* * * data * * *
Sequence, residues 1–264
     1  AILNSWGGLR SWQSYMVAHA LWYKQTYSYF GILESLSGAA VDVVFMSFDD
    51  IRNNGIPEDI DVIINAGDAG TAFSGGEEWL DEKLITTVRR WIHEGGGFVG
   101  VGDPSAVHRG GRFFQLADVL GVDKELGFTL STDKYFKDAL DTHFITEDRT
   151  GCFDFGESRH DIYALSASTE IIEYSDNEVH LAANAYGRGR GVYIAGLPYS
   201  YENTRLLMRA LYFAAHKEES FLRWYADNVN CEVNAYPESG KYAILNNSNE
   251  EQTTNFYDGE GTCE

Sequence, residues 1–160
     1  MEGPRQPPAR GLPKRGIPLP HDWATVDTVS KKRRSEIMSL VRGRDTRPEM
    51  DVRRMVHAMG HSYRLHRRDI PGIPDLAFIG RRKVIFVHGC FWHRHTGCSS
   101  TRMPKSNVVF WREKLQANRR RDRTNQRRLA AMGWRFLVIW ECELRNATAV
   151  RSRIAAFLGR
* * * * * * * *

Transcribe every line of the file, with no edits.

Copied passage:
Sequence, residues 1–264
     1  AILNSWGGLR SWQSYMVAHA LWYKQTYSYF GILESLSGAA VDVVFMSFDD
    51  IRNNGIPEDI DVIINAGDAG TAFSGGEEWL DEKLITTVRR WIHEGGGFVG
   101  VGDPSAVHRG GRFFQLADVL GVDKELGFTL STDKYFKDAL DTHFITEDRT
   151  GCFDFGESRH DIYALSASTE IIEYSDNEVH LAANAYGRGR GVYIAGLPYS
   201  YENTRLLMRA LYFAAHKEES FLRWYADNVN CEVNAYPESG KYAILNNSNE
   251  EQTTNFYDGE GTCE

Sequence, residues 1–160
     1  MEGPRQPPAR GLPKRGIPLP HDWATVDTVS KKRRSEIMSL VRGRDTRPEM
    51  DVRRMVHAMG HSYRLHRRDI PGIPDLAFIG RRKVIFVHGC FWHRHTGCSS
   101  TRMPKSNVVF WREKLQANRR RDRTNQRRLA AMGWRFLVIW ECELRNATAV
   151  RSRIAAFLGR